Márquez, founder and director of Ceiba Studio, also took a DIY approach when his reggae band, Montebong, needed a place to record and rehearse. Ceiba Studio originated through this necessity, and became a creative hub. Pre-pandemic every Thursday, they hosted Improvinciando, a night of improvised jams. Ceiba continues to host live music, mini concerts, painting exhibitions, and adult and children’s dance classes. This year also marked their first festival on the shore of Lake Chapala. In the future, Raul imagines Ceiba expanding as a secure space for talent, as well as becoming an official production company and record label.
9 p.m. — There’s No Place Like Home at Jamaica
Raul Márquez: There’s always good music at Scratch. It has a strong music culture of blues, jazz, and rock. I also love spending time at Jamaica Cafe & Records, it’s the place to go! I’ll order veggie sliders and my favorite non-alcoholic drink, Night Nurse.
Manu is the founder of Jamaica Cafe & Records, and one half of the duo Dub Iration. His pure love and dedication to the spirit of reggae and dub led him to open The Dub Room in 2010, a record store that later evolved into Jamaica Cafe & Records. Jamaica Cafe was the most mentioned place amongst all the musicians I spoke with, and for obvious reasons. Its cozy, minimal interior feels like home. Every nook and cranny is intentionally curated, paying homage to Reggae legends like Lee “Scratch” Perry and Bob Marley. Monstruos Del Mañana, a post-apocalyptic tropical garage band from Mexico City, recently played here, and said it was an incredible familial experience. They really appreciate how Manu tries to help the community and its musicians. The cafe’s vegetarian menu features rainbow colored buns alongside traditional Mexican dishes made meatless. In true Rastafari fashion, the hospitality here is warm and unmatched. Visit, and you’ll be singing “ital es vital” as you snack on a soy-based torta.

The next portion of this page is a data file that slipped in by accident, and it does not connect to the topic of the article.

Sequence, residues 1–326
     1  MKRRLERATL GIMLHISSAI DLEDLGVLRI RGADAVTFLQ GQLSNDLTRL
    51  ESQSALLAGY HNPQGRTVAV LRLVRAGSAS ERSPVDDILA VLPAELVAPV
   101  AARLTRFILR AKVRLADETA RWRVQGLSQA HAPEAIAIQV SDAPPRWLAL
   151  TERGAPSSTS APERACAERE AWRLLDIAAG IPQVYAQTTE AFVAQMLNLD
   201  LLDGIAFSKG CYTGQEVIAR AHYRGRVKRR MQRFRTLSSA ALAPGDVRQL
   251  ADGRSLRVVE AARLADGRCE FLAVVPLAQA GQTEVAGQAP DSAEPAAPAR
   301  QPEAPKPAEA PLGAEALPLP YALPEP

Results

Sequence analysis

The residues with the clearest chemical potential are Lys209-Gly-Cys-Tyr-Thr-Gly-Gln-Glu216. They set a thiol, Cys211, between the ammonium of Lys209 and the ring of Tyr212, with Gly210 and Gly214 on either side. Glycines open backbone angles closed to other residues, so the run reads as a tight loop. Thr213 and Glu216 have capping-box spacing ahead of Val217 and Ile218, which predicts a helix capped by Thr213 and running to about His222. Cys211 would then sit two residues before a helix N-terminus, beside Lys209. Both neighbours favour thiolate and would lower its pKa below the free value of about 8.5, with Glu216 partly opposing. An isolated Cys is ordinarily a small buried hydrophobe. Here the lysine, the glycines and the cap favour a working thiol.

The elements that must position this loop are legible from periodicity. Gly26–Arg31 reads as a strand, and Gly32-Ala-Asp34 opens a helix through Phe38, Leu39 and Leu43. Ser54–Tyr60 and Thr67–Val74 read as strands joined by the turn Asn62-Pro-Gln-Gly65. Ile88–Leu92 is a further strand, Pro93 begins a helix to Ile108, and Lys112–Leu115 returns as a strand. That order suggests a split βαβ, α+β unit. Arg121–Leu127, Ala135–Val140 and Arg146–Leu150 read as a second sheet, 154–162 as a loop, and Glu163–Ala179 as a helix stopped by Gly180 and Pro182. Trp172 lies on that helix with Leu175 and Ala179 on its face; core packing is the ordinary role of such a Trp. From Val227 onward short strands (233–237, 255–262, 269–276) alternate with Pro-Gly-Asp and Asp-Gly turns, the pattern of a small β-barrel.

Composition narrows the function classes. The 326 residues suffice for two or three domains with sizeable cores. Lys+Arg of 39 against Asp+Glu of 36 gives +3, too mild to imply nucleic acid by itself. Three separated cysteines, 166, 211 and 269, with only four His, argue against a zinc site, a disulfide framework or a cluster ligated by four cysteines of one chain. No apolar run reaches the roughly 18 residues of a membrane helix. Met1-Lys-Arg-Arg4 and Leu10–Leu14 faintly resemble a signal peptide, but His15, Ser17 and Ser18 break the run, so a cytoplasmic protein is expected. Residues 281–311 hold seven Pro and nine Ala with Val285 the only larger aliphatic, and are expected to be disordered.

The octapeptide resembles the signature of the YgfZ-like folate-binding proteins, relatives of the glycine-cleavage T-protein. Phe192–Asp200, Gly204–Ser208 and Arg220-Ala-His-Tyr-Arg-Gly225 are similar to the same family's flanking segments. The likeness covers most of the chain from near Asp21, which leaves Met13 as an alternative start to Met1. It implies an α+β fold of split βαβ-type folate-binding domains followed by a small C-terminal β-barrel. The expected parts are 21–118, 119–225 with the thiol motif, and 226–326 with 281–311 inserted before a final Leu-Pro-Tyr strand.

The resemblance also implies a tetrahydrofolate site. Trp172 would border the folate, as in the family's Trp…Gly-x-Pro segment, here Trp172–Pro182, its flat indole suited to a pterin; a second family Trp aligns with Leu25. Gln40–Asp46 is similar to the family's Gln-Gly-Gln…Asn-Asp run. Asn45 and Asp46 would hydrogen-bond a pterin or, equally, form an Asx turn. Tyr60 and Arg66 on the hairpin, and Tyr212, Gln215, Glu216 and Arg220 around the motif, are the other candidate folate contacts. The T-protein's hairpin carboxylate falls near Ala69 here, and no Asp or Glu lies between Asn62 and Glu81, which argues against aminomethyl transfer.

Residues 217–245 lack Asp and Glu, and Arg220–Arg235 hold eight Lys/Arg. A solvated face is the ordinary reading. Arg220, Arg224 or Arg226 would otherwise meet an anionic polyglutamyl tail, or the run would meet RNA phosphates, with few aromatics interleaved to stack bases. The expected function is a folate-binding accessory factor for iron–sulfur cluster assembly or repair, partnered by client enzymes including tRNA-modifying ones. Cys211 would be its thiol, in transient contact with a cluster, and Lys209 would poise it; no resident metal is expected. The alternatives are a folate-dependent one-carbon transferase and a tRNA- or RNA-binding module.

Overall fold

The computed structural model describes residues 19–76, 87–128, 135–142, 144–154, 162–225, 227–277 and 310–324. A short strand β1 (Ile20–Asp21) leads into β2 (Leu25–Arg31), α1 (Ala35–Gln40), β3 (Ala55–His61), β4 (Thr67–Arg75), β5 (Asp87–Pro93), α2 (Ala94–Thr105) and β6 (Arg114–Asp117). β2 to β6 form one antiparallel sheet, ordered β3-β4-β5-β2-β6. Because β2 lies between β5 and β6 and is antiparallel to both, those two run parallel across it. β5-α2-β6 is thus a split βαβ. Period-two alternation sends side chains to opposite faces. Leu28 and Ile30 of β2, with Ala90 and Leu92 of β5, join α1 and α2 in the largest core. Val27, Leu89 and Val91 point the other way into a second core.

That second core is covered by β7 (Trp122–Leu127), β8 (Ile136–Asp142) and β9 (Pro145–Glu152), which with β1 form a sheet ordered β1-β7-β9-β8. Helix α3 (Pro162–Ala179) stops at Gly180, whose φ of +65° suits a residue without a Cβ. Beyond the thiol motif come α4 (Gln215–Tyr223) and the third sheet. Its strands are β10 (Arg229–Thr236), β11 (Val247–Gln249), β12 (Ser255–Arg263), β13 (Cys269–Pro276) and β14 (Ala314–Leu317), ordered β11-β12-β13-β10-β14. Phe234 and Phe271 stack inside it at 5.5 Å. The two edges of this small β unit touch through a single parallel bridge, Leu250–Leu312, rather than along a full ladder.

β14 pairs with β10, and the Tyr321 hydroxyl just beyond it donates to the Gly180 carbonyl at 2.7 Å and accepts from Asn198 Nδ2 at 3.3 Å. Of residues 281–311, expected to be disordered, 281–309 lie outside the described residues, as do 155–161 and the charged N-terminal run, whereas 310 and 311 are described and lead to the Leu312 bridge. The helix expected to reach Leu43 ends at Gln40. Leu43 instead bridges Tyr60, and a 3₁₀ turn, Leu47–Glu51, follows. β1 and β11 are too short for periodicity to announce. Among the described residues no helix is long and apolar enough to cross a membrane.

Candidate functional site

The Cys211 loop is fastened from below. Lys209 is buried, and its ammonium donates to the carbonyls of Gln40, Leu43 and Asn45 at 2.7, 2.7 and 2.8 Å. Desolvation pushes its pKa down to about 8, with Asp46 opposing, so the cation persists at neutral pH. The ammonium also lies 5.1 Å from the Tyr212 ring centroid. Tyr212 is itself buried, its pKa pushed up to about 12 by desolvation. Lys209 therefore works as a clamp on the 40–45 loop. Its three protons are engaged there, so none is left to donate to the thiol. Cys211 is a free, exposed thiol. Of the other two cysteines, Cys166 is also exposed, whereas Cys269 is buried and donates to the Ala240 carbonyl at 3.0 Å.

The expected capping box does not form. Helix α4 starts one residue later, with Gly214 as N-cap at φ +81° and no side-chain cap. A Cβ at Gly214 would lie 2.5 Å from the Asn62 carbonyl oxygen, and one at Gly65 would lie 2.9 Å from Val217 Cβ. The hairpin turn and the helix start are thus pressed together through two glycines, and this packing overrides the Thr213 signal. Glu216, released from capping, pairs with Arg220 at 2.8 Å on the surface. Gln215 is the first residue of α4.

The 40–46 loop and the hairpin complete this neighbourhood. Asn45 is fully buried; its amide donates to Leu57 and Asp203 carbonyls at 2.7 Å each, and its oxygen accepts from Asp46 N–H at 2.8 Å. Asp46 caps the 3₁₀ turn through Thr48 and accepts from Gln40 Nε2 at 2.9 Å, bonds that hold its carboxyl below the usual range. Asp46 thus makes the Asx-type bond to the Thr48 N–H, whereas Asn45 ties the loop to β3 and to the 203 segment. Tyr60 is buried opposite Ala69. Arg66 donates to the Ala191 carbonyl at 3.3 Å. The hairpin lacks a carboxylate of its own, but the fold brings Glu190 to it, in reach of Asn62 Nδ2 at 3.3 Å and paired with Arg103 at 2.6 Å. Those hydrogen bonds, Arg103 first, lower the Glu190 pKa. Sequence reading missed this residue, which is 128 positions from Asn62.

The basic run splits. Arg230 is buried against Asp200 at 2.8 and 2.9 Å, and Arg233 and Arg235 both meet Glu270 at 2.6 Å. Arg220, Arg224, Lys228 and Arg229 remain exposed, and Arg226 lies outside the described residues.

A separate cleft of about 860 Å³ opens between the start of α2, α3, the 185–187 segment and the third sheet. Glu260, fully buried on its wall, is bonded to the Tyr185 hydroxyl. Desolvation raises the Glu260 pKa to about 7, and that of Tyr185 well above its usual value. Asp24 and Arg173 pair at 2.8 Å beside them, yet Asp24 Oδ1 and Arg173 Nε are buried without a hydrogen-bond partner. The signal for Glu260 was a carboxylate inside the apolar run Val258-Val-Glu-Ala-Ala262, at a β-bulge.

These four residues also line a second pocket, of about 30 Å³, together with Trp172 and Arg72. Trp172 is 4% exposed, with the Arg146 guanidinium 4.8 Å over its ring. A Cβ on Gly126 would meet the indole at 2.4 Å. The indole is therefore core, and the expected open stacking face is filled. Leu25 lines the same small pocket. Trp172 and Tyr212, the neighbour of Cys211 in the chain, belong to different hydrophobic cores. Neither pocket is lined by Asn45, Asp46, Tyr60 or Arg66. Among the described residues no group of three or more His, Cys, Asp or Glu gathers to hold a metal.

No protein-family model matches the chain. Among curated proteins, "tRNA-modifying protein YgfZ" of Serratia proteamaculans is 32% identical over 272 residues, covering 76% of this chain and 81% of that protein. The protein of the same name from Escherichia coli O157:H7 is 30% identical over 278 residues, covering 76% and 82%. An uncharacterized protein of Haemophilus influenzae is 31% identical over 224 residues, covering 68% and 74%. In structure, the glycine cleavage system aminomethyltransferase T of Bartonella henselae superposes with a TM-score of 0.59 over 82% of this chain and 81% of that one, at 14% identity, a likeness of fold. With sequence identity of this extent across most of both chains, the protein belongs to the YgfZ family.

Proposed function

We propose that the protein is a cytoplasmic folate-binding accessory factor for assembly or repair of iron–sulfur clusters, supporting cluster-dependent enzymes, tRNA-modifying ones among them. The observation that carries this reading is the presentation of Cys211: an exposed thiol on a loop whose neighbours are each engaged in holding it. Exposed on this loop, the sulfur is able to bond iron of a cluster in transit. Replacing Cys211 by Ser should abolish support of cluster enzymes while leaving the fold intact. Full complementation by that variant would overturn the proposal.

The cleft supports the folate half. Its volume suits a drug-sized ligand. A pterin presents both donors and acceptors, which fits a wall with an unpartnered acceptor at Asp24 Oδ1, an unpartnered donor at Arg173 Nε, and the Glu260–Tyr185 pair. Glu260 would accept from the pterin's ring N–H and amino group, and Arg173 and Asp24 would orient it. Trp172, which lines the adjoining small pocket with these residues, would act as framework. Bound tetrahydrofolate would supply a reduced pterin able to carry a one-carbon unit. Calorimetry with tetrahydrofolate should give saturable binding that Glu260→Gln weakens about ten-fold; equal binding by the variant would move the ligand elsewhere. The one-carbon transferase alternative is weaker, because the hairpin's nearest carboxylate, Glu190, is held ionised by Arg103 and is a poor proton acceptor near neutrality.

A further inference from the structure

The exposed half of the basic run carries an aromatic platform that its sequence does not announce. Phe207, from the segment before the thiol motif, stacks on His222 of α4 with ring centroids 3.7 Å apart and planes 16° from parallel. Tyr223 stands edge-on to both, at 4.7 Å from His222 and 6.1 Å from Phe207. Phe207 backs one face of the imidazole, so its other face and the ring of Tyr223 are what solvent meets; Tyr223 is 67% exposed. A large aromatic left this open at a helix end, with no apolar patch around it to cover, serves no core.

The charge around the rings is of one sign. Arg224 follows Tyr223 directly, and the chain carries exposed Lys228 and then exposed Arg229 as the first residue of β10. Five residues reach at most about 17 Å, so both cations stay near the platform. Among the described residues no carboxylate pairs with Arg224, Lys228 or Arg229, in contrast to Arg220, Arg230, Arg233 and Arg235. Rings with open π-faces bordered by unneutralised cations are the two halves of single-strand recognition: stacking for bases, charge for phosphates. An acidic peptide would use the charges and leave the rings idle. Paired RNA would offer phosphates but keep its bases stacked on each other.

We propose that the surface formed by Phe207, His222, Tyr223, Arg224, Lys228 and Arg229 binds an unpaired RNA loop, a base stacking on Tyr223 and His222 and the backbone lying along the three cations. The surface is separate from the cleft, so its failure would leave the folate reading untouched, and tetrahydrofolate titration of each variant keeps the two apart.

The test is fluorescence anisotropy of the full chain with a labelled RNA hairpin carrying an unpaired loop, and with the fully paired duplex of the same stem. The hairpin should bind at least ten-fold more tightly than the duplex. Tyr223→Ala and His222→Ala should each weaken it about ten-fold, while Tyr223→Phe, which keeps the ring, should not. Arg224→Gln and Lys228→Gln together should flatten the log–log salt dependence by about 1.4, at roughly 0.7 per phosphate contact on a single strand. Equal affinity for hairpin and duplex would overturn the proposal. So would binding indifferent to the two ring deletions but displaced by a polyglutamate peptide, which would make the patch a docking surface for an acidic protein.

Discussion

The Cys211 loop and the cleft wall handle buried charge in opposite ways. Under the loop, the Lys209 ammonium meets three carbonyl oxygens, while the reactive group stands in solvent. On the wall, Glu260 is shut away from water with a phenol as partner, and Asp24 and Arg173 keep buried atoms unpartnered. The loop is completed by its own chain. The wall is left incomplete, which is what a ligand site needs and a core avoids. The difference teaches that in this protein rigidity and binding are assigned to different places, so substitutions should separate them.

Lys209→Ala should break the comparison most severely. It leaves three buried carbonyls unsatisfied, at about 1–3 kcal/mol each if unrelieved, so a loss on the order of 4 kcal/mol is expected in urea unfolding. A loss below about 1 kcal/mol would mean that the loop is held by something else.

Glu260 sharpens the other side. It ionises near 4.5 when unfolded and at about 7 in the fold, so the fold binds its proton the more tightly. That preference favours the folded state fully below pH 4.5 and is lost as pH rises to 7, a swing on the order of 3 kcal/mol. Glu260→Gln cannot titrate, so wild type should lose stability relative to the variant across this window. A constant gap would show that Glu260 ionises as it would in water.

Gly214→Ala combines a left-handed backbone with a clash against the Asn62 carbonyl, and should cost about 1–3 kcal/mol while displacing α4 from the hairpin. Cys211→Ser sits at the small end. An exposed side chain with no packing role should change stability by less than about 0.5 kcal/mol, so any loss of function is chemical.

The Guadalajara Essentials
Where To Stay
Opt for an apartment, homestay, or hotel in Colonia Americana. This iconic neighborhood is an ideal introduction to the city because of its central location and loads of hip bars, restaurants, cafes, museums, and historical sites. Keep in mind this is a very active part of the city, so it may not be a fit if you’re looking for something more laid-back. For a quieter stay, you’ll find more tranquility in nearby Santa Teresita, also home to the lively Mercado Santa Tere and Corazón a granel, a woman-owned bakery with some of the best bread, coffee, and sweets in the city.
Know Before You Go
Tapatíos (Guadalajara locals) are extremely friendly, eager to help, and genuinely curious about foreigners. It goes a long way to try to speak to strangers, ideally in Spanish. No matter how broken your verb conjugations may be, even a simple hola or buenas tardes goes a long way!